Last month, I had the opportunity to testify before the House Transportation and Infrastructure Subcommittee on Coast Guard and Maritime Transportation at a hearing that examined maritime regulations. In what must have been a change of pace for Subcommittee members, instead of detailing the regulatory burdens facing the tugboat, towboat and barge industry, I urged them to exercise their oversight responsibility to ensure expeditious publication of long-awaited U.S. Coast Guard regulations regarding towing vessel inspection.
Said very simply, we need to get the towing vessel inspection rule done, and done right, right away. These rules will advance our shared goals of improving safety, security and environmental stewardship and cap two decades of tremendous progress along the road to greater safety on our nation’s waterways.
We have waited much too long. Congress directed the Coast Guard to undertake the towing vessel inspection rulemaking more than nine years ago, in the Coast Guard and Maritime Transportation Act of 2004. Three years ago, frustrated by the slow pace of the rulemaking process, Congress set a statutory deadline of October 15, 2011, for issuance of a final rule – a deadline that passed nearly two years ago. Those facts alone create a cause for immediate action.
Equally compelling, however, is the opportunity that this rulemaking provides – an opportunity that we fail to seize each day that the rules continue on their slow course through the federal bureaucracy. The towing vessel inspection rulemaking offers a historic chance to take safety in the tugboat, towboat and barge industry to a new level, not unlike the transformation of the oil transportation industry after the Oil Pollution Act of 1990. This rulemaking will raise safety standards throughout the tugboat, towboat and barge industry, incorporating and building on the safeguards that quality companies have already put in place and ensuring that all vessels achieve a minimum threshold of safety that is necessary to protect lives, the environment and property.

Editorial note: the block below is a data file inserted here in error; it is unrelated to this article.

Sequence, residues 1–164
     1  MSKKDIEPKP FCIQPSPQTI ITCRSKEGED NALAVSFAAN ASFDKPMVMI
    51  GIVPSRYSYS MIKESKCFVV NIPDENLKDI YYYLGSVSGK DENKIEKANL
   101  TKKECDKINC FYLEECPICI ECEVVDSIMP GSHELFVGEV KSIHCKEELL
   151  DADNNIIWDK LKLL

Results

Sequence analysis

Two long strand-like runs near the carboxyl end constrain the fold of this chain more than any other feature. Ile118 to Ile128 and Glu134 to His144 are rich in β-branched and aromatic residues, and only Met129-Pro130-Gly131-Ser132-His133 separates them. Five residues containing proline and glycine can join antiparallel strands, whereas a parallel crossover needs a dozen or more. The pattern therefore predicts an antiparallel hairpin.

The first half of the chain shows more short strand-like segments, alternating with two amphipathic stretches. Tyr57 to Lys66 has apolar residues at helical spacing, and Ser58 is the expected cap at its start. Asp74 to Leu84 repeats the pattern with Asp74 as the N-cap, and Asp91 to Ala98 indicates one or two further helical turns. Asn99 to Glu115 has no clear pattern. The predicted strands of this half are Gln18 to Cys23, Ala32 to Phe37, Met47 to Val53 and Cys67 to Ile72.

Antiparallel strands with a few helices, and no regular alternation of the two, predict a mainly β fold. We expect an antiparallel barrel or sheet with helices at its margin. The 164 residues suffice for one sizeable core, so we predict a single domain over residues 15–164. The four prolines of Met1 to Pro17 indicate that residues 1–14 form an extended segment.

Further, the towing vessel inspection rules are the missing link in a journey of a continuous improvement that began more than 20 years ago. The Coast Guard, Congress, and our customers have all been active partners in that journey, encouraging and demanding that the industry strive daily to achieve the goal of zero harm to human life, to the environment, and to property as we transport the nation’s waterborne commerce. The journey has been marked by private sector leadership, including the AWO Responsible Carrier Program, the Coast Guard-AWO Safety Partnership, and rigorous customer vetting of companies and vessels, to name just a few examples. It has also been characterized by responsible public policymaking, from OPA 90 to the 2004 law that gave rise to this rulemaking to the inclusive and thoughtful process by which the Coast Guard has engaged stakeholders throughout the development of the towing vessel inspection rules.
That journey has produced meaningful results. A 2012 Coast Guard Report to Congress credited the combination of private and public sector initiatives with producing a dramatic decline in oil spills from tank barges. However, we have not yet achieved our goal of zero harm. The most important step that we can take – the critical missing link in the safety chain – is publication of the towing vessel inspection rule.
There should be no tradeoff between getting the rule done promptly, and getting it done right. The Coast Guard has had nearly two years to review public comments on the October 2011 notice of proposed rulemaking, and many of those comments echo very similar themes. There is a nine-year history of work by the congressionally authorized Towing Safety Advisory Committee and a strong public docket filled with the technical information the Coast Guard needs to finalize this rulemaking. The regulated community is asking for this rule and bipartisan Members of Congress are calling for its publication.
We cannot afford further delays. We cannot afford to let sound public policy remain the victim of bureaucratic red tape. Two decades of progress are waiting to come to fruition. Now is the time to act.
(As published in the October 2013 edition of Marine News - www.marinelink.com)